Wednesday, August 28, 2019

Barbados talks could resume soon (Aug. 28, 2019)

News Briefs

  • Barbados discussions between Venezuela's government and opposition could resume as early as this weekend, according to some sources. (Venezuela WeeklyGuiadó confirmed that there had been discussion with Norwegian diplomats to start up another round, reports Efecto Cocuyo.
  • Migration out of Venezuela has spiked in the wake of new U.S. sanctions earlier this month, and ahead of Ecuador's requirement of a visa for entry. Forty regional human rights groups, members of the “Working Group on Venezuelan Human Mobility,” criticized the measure -- which requires Venezuelans to produce difficult to obtain official documents -- and suggest it is part of a regional trend that will make migration more difficult, reports the Venezuela Weekly.
  • Venezuelan migrants will be provided with a regional vaccination card beginning in October, part of a pact between ten countries in the region, reports Reuters.
  • Former Chávez supporters in Venezuela must grapple with a legacy that is very different from what they originally believed in, writes Nicmer Evans in a New York Times Español op-ed. "Today, with Venezuela in ruins, I admit it was a mistake thinking that a democratic left had arrived with Chávez ... It didn't. Instead, the foundations for an authoritarian regime were installed ..." He calls on former Chavistas to support reform of Venezuela's democratic institutions, and says the only hope for the movement's survival is to admit missteps and redefine its political project.
  • Venezuela's Maduro-loyal Supreme Court ordered new elections in the country's autonomous universities, long considered an anti-government bastion, reports El País.
  • Haiti's national police director's mandate ended this week, just a month after arresting one of Haiti’s most wanted gang leaders and exposing a troubling connection between gang leaders and a member of the nation’s parliament, reports the Miami Herald. The changeover in the police leadership occurs at a troubling time for the country -- President Jovenel Moïse is under considerable pressure from protesters, there is no functioning government, and the U.N. is preparing to permanently end its peacekeeping operation in October after 15 years.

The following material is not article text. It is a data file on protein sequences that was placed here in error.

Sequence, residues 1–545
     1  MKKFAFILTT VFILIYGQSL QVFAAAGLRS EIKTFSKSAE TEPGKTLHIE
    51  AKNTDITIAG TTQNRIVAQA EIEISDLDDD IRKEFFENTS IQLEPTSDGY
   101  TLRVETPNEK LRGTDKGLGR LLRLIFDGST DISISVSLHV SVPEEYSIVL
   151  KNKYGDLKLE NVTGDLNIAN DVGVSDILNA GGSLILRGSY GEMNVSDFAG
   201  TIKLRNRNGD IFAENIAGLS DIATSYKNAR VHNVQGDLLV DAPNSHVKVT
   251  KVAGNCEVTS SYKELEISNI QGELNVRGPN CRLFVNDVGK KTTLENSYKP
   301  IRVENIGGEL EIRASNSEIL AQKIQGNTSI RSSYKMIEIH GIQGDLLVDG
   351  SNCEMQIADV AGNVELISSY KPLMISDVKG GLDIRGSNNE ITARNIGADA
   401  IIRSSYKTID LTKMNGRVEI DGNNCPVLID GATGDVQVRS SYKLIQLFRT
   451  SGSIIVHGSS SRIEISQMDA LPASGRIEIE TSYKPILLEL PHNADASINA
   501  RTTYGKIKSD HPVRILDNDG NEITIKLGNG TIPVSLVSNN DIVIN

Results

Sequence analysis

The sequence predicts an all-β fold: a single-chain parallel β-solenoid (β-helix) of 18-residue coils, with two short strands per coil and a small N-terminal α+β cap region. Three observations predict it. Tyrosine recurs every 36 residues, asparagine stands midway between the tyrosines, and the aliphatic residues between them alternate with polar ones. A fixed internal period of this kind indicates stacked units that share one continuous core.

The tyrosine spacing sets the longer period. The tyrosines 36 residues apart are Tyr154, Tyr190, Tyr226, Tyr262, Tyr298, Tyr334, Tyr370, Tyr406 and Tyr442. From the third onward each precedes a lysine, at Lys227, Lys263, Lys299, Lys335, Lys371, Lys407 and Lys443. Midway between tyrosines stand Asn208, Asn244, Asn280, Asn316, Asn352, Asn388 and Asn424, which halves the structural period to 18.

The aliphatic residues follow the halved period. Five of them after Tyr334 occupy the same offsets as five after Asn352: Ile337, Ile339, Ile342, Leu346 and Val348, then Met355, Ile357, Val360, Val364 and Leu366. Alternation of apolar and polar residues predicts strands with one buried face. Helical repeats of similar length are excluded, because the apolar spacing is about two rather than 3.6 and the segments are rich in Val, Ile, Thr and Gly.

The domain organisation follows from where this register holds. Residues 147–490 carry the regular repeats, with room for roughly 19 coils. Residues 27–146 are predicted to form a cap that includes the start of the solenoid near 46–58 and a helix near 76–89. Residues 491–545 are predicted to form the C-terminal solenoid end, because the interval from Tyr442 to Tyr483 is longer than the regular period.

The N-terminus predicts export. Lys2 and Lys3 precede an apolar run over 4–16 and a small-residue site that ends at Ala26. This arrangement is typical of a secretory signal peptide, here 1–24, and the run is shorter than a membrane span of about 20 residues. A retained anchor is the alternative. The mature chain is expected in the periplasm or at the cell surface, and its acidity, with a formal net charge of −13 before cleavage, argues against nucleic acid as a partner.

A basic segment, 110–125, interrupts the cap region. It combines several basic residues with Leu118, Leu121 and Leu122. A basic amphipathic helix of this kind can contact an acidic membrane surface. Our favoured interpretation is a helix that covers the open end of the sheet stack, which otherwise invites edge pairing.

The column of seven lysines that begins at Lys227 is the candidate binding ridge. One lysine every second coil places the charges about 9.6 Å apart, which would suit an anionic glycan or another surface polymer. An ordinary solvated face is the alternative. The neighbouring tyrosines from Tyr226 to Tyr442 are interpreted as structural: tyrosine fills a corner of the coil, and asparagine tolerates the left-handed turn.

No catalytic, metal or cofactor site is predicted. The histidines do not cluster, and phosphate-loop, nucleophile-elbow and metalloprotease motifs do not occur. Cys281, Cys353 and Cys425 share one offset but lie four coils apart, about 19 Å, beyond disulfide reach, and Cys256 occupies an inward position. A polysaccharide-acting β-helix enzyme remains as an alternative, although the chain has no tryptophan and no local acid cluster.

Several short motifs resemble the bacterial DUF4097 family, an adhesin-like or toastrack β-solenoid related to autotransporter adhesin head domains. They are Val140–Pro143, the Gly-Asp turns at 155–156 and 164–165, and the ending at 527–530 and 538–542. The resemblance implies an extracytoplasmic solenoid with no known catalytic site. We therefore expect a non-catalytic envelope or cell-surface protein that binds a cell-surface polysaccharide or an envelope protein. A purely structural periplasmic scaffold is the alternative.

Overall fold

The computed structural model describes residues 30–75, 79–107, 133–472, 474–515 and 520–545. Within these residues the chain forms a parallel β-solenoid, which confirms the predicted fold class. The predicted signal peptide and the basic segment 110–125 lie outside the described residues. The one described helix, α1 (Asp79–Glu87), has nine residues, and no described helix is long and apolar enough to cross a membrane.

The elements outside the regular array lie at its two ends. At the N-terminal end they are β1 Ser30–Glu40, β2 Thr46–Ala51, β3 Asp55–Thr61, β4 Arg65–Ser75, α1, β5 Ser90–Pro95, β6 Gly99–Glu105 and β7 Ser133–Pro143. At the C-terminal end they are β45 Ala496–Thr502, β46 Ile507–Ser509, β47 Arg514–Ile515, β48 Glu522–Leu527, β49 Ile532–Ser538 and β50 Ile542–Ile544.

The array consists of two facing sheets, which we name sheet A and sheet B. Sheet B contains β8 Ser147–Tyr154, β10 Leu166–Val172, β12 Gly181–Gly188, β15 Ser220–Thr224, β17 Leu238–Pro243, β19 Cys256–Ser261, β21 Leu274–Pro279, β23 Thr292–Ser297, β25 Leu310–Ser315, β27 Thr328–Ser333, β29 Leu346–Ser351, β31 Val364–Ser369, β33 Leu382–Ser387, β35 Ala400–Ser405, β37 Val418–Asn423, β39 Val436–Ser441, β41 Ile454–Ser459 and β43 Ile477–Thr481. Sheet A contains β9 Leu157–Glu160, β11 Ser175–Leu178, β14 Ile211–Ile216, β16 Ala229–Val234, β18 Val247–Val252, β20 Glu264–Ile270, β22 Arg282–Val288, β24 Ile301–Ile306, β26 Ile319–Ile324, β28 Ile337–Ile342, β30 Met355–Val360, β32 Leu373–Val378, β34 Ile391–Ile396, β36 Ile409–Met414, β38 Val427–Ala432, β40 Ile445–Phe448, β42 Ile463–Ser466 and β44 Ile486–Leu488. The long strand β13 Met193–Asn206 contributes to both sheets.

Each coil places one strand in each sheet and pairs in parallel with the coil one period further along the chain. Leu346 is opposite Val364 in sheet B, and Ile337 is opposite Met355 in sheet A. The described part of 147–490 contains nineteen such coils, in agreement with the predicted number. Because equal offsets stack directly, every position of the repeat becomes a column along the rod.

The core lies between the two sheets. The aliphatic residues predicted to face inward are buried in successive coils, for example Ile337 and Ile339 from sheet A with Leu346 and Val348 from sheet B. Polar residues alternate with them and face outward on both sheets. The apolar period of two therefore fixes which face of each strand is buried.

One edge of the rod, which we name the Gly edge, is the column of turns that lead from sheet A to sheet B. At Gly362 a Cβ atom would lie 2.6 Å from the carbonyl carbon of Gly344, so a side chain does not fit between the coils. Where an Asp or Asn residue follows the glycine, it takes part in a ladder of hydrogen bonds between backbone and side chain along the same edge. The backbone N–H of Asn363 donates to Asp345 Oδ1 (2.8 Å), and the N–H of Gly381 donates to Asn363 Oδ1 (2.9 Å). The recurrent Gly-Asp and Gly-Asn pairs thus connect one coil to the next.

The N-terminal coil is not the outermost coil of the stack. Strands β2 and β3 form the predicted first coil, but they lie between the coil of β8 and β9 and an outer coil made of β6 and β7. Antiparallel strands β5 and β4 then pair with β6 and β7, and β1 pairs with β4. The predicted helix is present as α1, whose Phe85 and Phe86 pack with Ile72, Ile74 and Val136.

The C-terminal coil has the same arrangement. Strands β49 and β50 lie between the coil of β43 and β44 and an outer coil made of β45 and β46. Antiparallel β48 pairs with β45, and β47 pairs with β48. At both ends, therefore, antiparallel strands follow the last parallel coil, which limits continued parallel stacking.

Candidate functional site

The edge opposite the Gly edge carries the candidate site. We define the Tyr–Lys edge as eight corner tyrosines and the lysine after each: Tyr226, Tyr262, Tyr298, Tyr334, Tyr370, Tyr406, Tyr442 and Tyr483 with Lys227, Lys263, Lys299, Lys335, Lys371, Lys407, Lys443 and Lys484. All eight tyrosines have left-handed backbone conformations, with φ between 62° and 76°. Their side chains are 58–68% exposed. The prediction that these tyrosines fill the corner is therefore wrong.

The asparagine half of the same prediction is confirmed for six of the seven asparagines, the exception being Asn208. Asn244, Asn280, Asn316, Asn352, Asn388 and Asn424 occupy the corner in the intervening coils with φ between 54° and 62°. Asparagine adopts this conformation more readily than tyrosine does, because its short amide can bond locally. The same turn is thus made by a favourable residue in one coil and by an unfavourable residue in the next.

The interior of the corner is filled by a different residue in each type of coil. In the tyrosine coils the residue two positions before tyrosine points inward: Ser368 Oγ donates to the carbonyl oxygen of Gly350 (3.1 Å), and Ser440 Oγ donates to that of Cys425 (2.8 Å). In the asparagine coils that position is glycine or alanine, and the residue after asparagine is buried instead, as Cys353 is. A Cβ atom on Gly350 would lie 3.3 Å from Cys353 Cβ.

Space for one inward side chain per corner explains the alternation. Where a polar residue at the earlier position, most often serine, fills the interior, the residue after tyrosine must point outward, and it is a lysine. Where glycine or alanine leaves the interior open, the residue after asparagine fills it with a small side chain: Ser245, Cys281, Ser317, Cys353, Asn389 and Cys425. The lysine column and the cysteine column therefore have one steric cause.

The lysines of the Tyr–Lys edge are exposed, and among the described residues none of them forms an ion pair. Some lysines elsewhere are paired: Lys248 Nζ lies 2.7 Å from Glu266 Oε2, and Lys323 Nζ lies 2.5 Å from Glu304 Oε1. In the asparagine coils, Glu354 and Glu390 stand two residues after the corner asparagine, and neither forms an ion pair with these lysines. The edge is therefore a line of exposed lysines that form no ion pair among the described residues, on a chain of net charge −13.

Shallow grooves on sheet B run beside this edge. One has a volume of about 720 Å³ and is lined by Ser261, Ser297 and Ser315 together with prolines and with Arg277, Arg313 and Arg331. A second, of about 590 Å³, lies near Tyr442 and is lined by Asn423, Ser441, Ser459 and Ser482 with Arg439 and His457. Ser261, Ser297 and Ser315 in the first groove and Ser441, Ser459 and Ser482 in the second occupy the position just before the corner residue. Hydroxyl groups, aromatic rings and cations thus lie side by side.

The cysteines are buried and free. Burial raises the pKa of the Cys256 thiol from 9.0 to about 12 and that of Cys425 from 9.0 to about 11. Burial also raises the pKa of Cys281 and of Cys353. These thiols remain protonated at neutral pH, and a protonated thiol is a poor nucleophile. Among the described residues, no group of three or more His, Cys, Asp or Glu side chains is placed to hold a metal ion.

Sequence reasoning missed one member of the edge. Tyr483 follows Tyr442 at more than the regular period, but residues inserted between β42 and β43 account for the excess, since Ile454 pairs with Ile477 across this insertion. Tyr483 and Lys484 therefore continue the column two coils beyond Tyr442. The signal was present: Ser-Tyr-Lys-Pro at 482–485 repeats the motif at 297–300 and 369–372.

• A U.S. lawsuit against Carnival Corporation seeks to punish the cruise operator for using assets that were expropriated by the Fidel Castro government in Cuba. The suit is being carried out under a newly activated provision of the U.S. Helms-Burton act, and could be the start of lawsuits against dozens of U.S. companies operating in Cuba, reports the Miami Herald. (See April 18's post.)
  • Deforestation of the Brazilian Amazon has hit the highest August level since the current monitoring system began in 2015, reports the Guardian.
  • Brazilian President Jair Bolsonaro promised a "zero-tolerance" approach to environmental crimes in the wake of international outcry about fires in the Amazon rainforest. But the discourse is at odds with his track record since assuming office in January. "He has worked relentlessly and unapologetically to roll back enforcement of Brazil’s once-strict environmental protections," reports the New York Times.
  • Bolsonaro's demand for an apology from French President Emmanuel Macron before accepting an aid package from the G-7 bodes ill on the whole environmental thing. (Wall Street JournalGuardian, see yesterday's post)
  • A new São Paulo publication, Samba Zine, features only L.G.B.T.Q. Brazilian individuals, communities and causes -- and is also produced by L.G.B.T.Q. Brazilian photographers, stylists, makeup artists, etc. In a country rattled by increasingly acrimonious political divisions and negative rhetoric about minorities, the magazine offers an optimistic vision, reports the New York Times.
  • Forest fires raging in Bolivia could impact President Evo Morales' chances at reelection in October -- and the government has gone into crisis mode to ensure it doesn't, reports El País. (See yesterday's briefs.)
  • Paraguayan police raids demonstrate how Paraguayan corruption has allowed smuggling to to flourish along the country's border with Brazil, reports InSight Crime.
  • The case of a baby who died of sudden death syndrome babysat by a twelve-year-old sister while their mother carried out sex work has caused controversy in Uruguay. The woman was condemned by a judge -- and exposed and excoriated by press and social media -- even though forensics determined the infant would have died regardless. (El País)

Did I miss something, get something wrong, or do you have a different take? Let me know ...

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